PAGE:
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Annual performance reviews – an archaic HR practice we must disrupt

September 16, 2020
By marketing peoplestrong
Annual performance reviews – an archaic HR practice we must disrupt

COVID-19 has forced many companies to adopt flexible and remote working arrangements – hastening a trend that had threatened to disrupt the way we work for years now.

While this is a step in the right direction to keep in line with technological advancements, work-life balance and modern work approaches, there is another human resource practice that needs to be disrupted.  Remote working brought about by COVID-19 can nudge employers to do so.

The performance review is a traditional HR method by which the job performance of an employee is documented and evaluated. It is typically conducted annually and is mostly a retrospective review of the past year’s work results according to pre-determined key performance indicators.


According to the quarterly survey Randstad Work monitor, in the first quarter of 2019, 47 per cent of respondents globally still have regular annual performance reviews despite as many as 88 per cent of them feeling that such performance reviews are a one-sided affair that is mainly used by the line manager to provide feedback.

The COVID-19 situation has only complicated matters.

Given that performance is measured and benchmarked only at the end of each year, most managers gravitate to other means to keep their team in check on a regular basis.

This means visually checking in your employee’s punctuality every morning and a headcount check on who is putting in extra hours at the end of the day.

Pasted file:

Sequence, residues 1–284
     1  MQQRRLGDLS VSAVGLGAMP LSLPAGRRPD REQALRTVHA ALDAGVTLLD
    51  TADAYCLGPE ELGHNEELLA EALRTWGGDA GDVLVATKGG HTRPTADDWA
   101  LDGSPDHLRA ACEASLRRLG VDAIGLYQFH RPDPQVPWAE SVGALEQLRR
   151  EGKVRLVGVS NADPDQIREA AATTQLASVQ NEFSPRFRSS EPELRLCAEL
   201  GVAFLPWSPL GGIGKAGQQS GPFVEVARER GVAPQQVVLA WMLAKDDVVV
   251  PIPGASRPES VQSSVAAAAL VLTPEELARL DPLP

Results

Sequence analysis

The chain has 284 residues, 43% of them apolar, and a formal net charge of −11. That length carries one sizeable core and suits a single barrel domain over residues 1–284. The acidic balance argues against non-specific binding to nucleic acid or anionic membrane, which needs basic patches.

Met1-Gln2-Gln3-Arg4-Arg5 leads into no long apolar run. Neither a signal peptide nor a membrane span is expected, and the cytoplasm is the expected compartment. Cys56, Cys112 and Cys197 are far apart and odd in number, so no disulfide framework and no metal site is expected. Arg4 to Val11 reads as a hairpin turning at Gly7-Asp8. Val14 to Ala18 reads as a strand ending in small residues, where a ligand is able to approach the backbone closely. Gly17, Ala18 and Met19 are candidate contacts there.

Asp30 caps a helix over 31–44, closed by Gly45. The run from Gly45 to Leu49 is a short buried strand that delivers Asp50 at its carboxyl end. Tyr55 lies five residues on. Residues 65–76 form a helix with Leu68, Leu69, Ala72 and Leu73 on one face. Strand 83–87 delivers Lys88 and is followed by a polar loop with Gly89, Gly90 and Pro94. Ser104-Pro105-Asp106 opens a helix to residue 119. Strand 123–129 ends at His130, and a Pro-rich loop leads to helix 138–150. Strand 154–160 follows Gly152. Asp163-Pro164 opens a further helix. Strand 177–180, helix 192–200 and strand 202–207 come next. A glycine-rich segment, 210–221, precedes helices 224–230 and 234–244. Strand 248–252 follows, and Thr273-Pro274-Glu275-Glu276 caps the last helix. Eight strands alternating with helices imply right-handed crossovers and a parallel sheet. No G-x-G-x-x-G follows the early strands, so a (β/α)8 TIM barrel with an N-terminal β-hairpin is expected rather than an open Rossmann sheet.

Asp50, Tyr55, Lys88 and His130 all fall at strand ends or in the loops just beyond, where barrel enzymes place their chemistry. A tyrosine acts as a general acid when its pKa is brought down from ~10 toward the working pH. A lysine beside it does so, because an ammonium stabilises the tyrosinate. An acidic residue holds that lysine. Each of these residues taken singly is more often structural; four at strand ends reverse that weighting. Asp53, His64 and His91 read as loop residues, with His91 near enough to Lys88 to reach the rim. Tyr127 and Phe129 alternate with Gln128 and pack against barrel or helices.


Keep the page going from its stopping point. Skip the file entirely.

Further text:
Remote work at present may not allow managers to do this sort of monitoring. Although there are mention of companies where bosses mandate their employees to be logged onto Zoom the entire workday so that their movements can be monitored.

Clearly a better and more adaptive performance review process is needed to keep employees accountable, drive their performance and maintain the sanity of traditional managers.


The main grouse about the annual performance review would be its frequency.

Lumping everything good and bad over the span of 12 months and distilling it over one sitting towards the end of that period is not only daunting but perhaps not reflective of the employee’s entire gambit of contributions and value-add to the organisation for the entire year. It is almost like a workplace school exam every year.

There is also the lag effect – whatever that was formalised at the beginning of the year fails to adapt to what evolves over the next 12 months.

New scope of work may have been added or even a re-designation. The often overly generic catch-all performance review form can barely accommodate the change.

For instance, many office administrative executives are now being nominated to be in charge of safety management at the workplace.

With a wide scope of duties, it may take up considerable hours within a week. This may have a material negative impact on employees’ abilities to carry out their pre-defined scope of work and not accounted for by the performance benchmarks set earlier in the year and could result in a bad review by the year end.